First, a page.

Monday, 21 June 2021

Wedding dresses - a longing

 One of my sisters has just sent me photos of her recent wedding. I have to say she looks lovely in an off-the-shoulder chiffon gown.

Since she no longer needs the dress, maybe I can borrow it! 😁

I know that wedding dresses can be quite a thing with a large number of MtF trans people - there are whole trans wedding parties to go to, with dozens of brides! - but I have never owned a wedding dress. (For the matter of that, I don't have a maid's uniform either ... some will now start to question whether I am an authentic TGirl!)

When I was 15 - and I felt this was so wrong and bold, yet somehow so necessary, almost a trans rite of passage - I tried on my mother's wedding dress. She was really slim on her wedding day as I wasn't able to do it up all the way even though I wasn't full-grown! But it did look and feel amazing, a very special kind of garment for a very special day. I stared at myself in the mirror for a very long time with that dress on.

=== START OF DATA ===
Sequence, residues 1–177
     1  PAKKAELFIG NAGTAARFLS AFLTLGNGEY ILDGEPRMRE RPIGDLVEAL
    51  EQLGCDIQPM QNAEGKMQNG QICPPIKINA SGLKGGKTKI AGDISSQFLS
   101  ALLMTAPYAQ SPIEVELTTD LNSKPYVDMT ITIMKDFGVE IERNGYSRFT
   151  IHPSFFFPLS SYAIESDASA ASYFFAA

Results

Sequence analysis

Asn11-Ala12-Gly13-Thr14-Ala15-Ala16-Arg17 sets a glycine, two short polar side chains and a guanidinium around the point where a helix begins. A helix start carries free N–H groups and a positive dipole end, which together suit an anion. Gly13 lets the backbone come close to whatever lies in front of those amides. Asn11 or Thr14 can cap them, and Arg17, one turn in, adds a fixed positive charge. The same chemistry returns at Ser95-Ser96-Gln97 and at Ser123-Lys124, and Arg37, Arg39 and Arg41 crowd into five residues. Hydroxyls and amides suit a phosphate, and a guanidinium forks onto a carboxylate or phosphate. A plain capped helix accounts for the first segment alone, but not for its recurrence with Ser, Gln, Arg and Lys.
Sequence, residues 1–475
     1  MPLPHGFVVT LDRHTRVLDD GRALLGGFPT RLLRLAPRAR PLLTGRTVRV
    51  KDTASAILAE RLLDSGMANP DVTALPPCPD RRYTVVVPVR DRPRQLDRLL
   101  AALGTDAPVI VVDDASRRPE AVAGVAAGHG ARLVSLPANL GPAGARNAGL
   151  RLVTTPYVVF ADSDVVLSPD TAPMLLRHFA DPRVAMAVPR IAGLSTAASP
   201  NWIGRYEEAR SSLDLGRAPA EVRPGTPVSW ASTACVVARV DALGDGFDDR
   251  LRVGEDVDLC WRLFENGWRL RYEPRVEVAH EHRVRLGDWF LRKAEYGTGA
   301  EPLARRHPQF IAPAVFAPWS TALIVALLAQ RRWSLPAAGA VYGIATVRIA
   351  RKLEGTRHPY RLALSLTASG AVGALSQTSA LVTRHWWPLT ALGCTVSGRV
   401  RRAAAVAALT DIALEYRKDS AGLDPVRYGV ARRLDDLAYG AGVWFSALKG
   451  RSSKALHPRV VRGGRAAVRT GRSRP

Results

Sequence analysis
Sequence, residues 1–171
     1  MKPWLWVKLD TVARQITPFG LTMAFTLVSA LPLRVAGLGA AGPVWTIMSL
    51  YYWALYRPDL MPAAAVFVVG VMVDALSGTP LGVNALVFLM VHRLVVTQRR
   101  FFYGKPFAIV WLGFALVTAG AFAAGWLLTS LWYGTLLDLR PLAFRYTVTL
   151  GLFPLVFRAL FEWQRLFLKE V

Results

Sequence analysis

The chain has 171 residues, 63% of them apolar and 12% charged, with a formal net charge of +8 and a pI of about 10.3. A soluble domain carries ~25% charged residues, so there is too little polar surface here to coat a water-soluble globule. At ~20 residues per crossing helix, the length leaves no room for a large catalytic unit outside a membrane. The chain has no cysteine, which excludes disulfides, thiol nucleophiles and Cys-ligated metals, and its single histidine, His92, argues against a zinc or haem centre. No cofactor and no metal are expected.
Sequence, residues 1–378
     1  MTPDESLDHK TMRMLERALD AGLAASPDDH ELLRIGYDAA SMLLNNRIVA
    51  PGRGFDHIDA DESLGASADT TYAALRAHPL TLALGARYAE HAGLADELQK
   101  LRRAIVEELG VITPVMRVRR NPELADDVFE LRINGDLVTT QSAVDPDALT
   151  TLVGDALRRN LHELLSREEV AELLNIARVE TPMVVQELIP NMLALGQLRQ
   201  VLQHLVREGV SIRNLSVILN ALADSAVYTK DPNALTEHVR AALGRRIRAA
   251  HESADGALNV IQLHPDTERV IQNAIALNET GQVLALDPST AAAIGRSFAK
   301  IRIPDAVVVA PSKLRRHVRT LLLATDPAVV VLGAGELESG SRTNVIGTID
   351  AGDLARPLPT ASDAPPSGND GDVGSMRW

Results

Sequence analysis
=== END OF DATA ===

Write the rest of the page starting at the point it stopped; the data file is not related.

Like every girl, I've always dreamt of my wedding day. It's not happened yet but it's not ruled out. When that day comes, I will have my own gorgeous dress. 


Photo: Benigno Hoyuela

Yes, I will be wearing the dress. I have promised myself that. OK, I realise my wedding day plans have already reduced the number of eligible spouses! But we are looking for that special person, after all. The one who appreciates the girl in the dress for who she is.

Anyway, I wish my sister every happiness.


A dip in the archives

 Possibly the last wedding I attended was nearly ten years ago: I love a good wedding. That was a nice weekend event.

Recently I looked back at photos of Dawn and Kirstie's wedding, both trans girls. Both brides looked lovely and very happy. It's so good to know that same-sex and trans weddings are everyday events now.

The wedding dress weekend is no longer a preserve of the trans community either but is something women generally seem to be getting into more. A hundred-odd years ago both womanless and manless weddings (and other events) were common in colleges and institutions segregated by sex. A photography exhibition I saw three years ago presented a remarkable insight into this alternative culture. Not to be confused with the 'womenless wedding' charity events of the Southern US which were more for entertainment, these were the option of persons needing an opportunity for gender flexibility.

Photo: Charisse Kenion

Sue x


Cari lettori italiani

Oggi qualche parola sugli abiti da sposa. Come tutte, ho sempre sognato di come sarebbe stato il mio abito ...

Sue x 

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